Respiratory Syncytial VirusRSV is one of the most common causes of hospitalization and emergency room care among children in the first few years of life. RSV typically causes bronchiolitis but can also result in pharyngitis, laryngotracheobronchitis, pneumonia, and prolonged intubation. Studies of children hospitalized with RSV infection that include a substantial number of nonbronchiolitis RSV-related conditions also report higher median ages.

Determining true expenditures related to RSV infection requires diagnostic confirmation, a chart review, and an analysis of billing costs. One previous study used a U.S. database to estimate the nationwide hospital charges of RSV pneumonia; in 1998 dollars, the hospital charges for RSV pneumonia were $295,100,000 in 1993; $392,300,000 in 1994; and $295,800,000 in 1995. Individual records were not validated in that study, however, because all identifiers were removed; RSV bronchiolitis was not included in the analysis because that diagnosis was not assigned a separate International Classification of Diseases (9th revision) (ICD-9) code until 1996.

A study at a U.S. tertiary-care center, published in 2001, showed a comparable average cost of $4,338 per patient for fiscal year 1997 for patients with acute RSV bronchiolitis, similar to our mean cost of $5,037 for patients admitted to the ward only. Another study that estimated the economic burden of RSV-associated bronchiolitis hospitalizations yielded similar data. Studies from other countries have tended to yield lower figures.

Our intent was to measure the direct costs of hospitalization attributable to RSV at a single, tertiary-care facility. In our analysis, we did not calculate indirect costs, such as those related to secondary cases, and we did not include physician charges or the costs of outpatient follow-up care. An earlier study that had used indirect costs had been criticized for inflating the potential cost savings of products designed to prevent RSV infection. Our information thus provides a dataset of direct costs upon which to base future cost-benefit analyses. generic cialis 20mg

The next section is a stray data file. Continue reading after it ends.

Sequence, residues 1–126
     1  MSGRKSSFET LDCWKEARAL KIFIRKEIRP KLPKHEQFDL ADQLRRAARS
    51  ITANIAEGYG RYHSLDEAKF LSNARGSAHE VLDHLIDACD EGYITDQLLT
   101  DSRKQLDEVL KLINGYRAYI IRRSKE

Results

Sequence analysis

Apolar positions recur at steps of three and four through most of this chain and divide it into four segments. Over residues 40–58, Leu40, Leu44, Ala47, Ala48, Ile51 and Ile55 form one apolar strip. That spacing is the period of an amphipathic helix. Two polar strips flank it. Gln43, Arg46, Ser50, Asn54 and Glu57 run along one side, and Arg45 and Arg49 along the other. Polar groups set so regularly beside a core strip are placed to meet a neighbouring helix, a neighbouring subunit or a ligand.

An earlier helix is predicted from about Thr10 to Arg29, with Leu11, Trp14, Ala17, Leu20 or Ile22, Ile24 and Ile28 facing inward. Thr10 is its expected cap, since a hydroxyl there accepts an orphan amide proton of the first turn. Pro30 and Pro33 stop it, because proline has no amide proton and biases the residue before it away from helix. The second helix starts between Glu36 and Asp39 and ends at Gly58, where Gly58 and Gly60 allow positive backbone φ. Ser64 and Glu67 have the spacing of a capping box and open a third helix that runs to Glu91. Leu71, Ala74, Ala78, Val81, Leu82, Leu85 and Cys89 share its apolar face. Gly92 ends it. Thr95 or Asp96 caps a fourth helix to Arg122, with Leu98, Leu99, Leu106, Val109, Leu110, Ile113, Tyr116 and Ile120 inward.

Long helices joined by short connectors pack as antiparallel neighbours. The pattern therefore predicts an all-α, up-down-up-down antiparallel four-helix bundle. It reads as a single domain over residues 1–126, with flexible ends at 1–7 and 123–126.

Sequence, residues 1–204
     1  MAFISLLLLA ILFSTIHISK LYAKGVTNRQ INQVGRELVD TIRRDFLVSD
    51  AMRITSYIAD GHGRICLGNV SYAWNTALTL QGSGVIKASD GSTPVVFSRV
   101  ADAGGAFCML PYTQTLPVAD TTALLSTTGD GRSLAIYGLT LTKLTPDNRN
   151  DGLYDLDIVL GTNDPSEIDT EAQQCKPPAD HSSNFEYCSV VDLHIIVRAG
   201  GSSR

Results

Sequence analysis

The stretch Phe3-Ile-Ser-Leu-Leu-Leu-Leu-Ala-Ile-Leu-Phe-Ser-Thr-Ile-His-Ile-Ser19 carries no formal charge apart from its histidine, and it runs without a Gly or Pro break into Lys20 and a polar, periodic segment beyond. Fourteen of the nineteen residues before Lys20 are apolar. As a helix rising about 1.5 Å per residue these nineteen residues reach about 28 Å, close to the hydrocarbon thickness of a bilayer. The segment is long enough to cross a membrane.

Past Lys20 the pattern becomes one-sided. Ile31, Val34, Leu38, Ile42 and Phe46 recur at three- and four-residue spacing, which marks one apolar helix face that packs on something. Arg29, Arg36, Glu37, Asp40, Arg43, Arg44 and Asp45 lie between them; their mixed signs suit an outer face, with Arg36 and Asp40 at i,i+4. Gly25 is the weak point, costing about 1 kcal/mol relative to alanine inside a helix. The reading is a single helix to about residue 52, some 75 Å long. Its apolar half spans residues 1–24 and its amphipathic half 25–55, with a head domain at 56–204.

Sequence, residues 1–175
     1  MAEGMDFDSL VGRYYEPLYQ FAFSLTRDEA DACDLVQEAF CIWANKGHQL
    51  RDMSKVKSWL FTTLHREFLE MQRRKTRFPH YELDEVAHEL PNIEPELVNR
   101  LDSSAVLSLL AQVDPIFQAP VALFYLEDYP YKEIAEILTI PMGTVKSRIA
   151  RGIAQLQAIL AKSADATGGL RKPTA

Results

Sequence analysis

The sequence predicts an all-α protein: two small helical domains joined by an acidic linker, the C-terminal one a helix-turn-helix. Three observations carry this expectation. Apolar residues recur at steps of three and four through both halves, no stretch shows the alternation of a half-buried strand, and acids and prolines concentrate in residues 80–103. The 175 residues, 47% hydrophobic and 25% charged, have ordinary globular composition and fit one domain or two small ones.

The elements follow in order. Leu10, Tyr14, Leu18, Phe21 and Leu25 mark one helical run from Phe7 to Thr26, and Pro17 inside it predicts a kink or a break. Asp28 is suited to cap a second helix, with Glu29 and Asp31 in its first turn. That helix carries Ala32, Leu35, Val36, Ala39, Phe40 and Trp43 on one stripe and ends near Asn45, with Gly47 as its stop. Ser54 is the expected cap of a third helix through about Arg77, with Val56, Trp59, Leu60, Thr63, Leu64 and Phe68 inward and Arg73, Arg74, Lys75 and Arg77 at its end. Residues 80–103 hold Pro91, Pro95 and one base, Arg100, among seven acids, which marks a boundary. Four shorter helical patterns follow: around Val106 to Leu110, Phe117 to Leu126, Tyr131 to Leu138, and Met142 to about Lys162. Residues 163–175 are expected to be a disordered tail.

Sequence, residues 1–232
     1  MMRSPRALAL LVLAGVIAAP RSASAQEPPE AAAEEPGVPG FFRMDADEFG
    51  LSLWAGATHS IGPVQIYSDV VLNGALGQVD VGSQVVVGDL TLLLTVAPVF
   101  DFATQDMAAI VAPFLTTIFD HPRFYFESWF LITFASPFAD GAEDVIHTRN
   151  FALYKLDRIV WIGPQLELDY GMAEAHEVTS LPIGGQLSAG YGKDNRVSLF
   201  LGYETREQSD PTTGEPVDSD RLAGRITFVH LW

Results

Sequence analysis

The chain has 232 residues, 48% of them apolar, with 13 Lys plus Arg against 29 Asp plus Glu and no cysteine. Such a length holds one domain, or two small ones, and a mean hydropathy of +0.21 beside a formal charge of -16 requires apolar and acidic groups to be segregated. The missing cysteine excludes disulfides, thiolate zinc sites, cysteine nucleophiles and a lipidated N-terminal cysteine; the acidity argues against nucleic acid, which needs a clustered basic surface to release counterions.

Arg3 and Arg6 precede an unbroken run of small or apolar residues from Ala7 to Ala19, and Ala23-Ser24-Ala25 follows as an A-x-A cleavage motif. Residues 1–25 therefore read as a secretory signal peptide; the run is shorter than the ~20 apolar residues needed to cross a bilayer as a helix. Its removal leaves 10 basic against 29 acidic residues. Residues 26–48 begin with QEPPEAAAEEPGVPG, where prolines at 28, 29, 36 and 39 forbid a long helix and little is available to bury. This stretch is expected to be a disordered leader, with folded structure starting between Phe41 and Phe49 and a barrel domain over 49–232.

RSV immune globulin and palivizumab have proved effective as prophylactic therapy for RSV illness in high-risk children. Although most of the patients admitted to our ward service were not in a group previously identified to be at high risk for RSV infection, nine in 12 (75%) of those children who ultimately received ventilation and four in 13 (31%) of those children admitted to the PICU were in such a group. Thus, many of the children at high risk for RSV infection require intensive care or ventilation, at a significant cost. Approximately 55% of these cases of RSV might be prevented if prophylaxis were used in a timely manner in eligible children. Had all eligible children received prophylaxis and had these preventive measures been 55% effective, the estimated cost savings during the season we studied at our institution could have been more than $250,000.

Potential cost savings at the hospital level, of course, must be balanced against the cost of prescribing palivizumab for about 17 healthy individuals to prevent a single hospitalization. For the season we studied, prophylactic measures to prevent the high-risk eligible cases could have cost as much as $970,000, based on one vial of palivizumab per dose (about $950 per vial in 1998 at our institution) and five doses per season. More important than cost, however, is the 50 patient-days of hospital-ization that might have been avoided during the season studied. Our estimated cost-benefit ratio of 3.88 ($970,000/$250,000) can be compared with that of Shireman and Braman (6.67) using data from the 1999-2000 season in Kansas.
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Acknowledgments. We thank the Medical Records and Business Development Office (particularly Mark A. Dembski) of Children’s Memorial Medical Center for assistance. This study was supported, in part, by MedImmune, Inc., and was presented in preliminary form at the Annual Meeting of the Society for Pediatric Research in Boston, May 12, 2000.